Surviving Air Force Basic Training

M-16 Weapons Issue

Air Force Basic Military Training trainee fires at his target while wearing his gas mask.
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In the "old days" of Air Force Basic Military Training (AFBMT), recruits didn't even get to see a weapon until they went to the firing range. Then, they got to spend a couple of hours learning how to take the M-16 rifle apart, clean it, put it back together, and then a few more hours qualifying by actually firing the weapon. Sometime in 2003 or 2004, Air Force basic recruits were given "rubber duckies," (a rubber M-16) to use during certain portions of basic training.

Rubber Duckies are no more. Beginning in November 2005, recruits began receiving an M-16 replica on the first day of the first week of training (after "zero week"). The replica is exactly like the M-16 they will be expected to use in combat, except it won't fire. The replica is the same size, same weight, and has the exact same parts. The rifle-replica can be stripped and cleaned just like the real thing. It's an exact same replica, down to the small springs. To avoid confusing the replica with the real thing, the stocks on the replicas are painted blue.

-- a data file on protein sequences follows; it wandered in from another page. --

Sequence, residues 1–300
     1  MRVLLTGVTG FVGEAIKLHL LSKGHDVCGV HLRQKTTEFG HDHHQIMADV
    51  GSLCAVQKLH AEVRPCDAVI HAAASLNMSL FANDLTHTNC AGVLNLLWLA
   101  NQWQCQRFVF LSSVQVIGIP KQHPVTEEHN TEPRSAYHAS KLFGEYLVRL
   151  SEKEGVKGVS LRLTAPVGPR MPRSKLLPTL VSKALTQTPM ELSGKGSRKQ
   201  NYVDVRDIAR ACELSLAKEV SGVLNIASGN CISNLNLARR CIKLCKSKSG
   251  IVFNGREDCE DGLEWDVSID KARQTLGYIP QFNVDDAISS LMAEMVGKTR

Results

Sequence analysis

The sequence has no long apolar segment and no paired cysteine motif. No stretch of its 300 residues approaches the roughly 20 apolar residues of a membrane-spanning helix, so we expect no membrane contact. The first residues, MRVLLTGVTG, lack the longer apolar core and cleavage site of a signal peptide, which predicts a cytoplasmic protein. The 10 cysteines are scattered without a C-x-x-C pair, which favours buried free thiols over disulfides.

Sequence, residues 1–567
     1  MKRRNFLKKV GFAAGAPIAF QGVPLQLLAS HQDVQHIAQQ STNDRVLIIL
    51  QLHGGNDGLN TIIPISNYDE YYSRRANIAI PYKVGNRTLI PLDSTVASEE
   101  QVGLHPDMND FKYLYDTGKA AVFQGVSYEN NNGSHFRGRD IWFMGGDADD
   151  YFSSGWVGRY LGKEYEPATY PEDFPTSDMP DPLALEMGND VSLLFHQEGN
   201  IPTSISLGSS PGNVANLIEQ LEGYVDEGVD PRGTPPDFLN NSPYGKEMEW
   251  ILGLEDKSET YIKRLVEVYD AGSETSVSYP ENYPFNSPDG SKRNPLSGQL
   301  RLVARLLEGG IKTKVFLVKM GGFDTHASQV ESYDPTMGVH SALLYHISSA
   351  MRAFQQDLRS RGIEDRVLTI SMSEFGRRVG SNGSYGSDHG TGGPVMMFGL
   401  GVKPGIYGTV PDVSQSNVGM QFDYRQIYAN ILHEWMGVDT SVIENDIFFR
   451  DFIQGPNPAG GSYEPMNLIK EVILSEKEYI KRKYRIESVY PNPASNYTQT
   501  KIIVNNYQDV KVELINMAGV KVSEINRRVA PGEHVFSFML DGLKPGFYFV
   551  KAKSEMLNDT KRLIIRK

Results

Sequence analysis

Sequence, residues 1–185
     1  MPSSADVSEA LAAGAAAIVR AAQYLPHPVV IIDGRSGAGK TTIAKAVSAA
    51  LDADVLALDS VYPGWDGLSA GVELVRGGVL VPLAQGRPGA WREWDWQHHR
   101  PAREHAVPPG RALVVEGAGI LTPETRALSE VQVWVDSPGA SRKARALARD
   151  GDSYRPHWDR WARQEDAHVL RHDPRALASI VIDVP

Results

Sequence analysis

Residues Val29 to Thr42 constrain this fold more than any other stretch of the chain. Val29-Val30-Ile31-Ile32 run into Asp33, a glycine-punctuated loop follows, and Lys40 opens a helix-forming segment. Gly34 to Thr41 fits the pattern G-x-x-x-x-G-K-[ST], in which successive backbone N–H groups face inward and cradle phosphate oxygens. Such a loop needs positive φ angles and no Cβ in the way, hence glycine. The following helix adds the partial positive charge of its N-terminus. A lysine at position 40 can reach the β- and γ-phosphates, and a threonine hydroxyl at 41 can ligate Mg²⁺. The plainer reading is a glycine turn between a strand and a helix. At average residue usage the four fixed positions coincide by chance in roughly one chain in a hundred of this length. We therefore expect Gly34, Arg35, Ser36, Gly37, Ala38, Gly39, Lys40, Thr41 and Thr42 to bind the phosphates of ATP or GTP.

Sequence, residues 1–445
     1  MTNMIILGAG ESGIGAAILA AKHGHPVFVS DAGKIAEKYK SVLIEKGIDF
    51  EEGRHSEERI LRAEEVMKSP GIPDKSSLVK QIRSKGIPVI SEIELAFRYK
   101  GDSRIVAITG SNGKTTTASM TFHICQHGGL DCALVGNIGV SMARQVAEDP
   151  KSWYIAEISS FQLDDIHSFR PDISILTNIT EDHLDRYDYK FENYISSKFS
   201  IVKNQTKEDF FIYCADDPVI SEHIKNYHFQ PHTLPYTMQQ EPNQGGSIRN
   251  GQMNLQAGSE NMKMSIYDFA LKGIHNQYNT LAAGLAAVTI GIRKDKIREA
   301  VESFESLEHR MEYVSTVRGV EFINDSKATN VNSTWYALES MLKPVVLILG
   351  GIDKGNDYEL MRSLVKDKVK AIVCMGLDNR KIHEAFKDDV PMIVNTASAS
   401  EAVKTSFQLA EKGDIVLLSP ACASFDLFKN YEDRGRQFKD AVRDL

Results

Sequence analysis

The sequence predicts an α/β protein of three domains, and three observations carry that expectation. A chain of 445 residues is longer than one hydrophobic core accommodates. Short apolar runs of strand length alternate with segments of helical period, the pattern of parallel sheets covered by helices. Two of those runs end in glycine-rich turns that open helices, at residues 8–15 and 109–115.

After your "weapon" is issued you'll carry it with you throughout the remainder of basic training. You'll be required to treat this, just as if it were a loaded weapon, at all times. So, why doesn't the Air Force use real M-16s (other than on the firing range) in Air Force Basic? It's because real M-16s are a high-priority theft threat, and Air Force regulations require M-16s to be guarded by an armed guard, anytime they are outside of an alarmed armory.